We continue along the Bund following the signs for the City of God temple that lies within Anren Jie. Suddenly you are taken out of the modern western blend of Shanghai and into an old town of classical Chinese architecture. Unavoidably so you encounter every possible trinket and souvenir any tourist could desire, admittedly I found myself purchasing a mahjong set that I hope to learn once I find three others keen to do the same in order to play. As soon as you are able to maneuver through the crowds you discover the jewel of this area: Yuyuan Garden. A famous classical garden with a history of over 400 years. The attractive garden is home to many pavilions, halls and ponds and if it wasn’t for its popularity it would be an extremely tranquil place to sit in silence and wonder at the scenery.
After enjoying the garden and temple we head in contrast for Nanjing Road to take in Shanghai’s shopping. The streets are bustling with fashion seekers undeterred by the rain. We find ourselves a new outfit and head back to the hostel to freshen up and reacquaint ourselves with the bottle of wine. One thing I’ve always enjoyed about hostels is the shared common area. It’s like being in an over-sized living room and for lone travelers becomes a haven for meeting others. We quickly make friends and head out for a drink. As its a Monday evening I cannot say we experienced Shanghai’s night life exactly but the bars are alive with fellow travelers and some welcoming locals.
The following morning is a lazy one. The weather has improved and we head out in search of coffee and a western style breakfast for a change. We become distracted by more shopping and breakfast turns into an Italian lunch in a charming restaurant with a view over the city. We discuss museums with the tightest time frame imaginable and I mistakenly order a smoothie that takes a lifetime to arrive. Jumping on the subway we make it to the Natural History Museum, or to its grounds at least! Not realizing ticket sales end long before closing we make the most out of the visit and explore the surrounding grounds. Fortunately the disappointment is recovered by the various sculptures that are on exhibit and the blue sky that has broken through the grey. The modern architecture of the area is also quite pleasing to admire.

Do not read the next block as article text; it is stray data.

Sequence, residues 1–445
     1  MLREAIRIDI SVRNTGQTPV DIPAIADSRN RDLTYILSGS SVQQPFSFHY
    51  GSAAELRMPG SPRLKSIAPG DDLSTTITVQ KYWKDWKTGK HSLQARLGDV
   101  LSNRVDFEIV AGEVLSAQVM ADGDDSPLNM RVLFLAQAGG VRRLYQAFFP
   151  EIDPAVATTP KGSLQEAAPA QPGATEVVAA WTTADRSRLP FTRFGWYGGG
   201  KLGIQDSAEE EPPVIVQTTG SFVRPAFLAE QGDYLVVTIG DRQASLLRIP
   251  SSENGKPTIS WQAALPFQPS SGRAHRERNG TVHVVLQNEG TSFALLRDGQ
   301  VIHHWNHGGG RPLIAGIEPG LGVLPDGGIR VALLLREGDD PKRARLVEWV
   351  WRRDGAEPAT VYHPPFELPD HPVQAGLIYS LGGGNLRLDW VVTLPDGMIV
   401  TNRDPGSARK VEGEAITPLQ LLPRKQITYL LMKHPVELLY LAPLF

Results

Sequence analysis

It’s here that we decide to subway hop. Picking a random destination and letting the train do the rest we find ourselves on the west side of the Bund in awe of the various buildings, sculptures and monuments. The Bund should be explored both during the day and at night to be truly appreciated. Making our way back to the east side of the river we find a art deco style building with a sign for the recommended Captains Youth Hostel, known for it’s warm welcome to back packers and roof top bar with an amazing view of the Bund. We eat, drink cocktails and discuss the trip. We are both eager to return for a longer stay to take full advantage of Shanghai’s cultural hub, arts scene and night life. Two days is a taste of what Shanghai has to offer and we reluctantly return to our hostel to prepare for the return to Fuzhou.
Although fascinated by the cutural blend of Shanghai I would say it is a city that I will probably only ever visit. It doesn’t feel enough like living in China for me and although Fuzhou is also a city, I can feel a pull towards China’s more rural areas to deepen my appreciation for this countries ancient history and way of life. Forever a restless soul, I will listen to the wind to guide me through this chapter of my life and see what the future holds.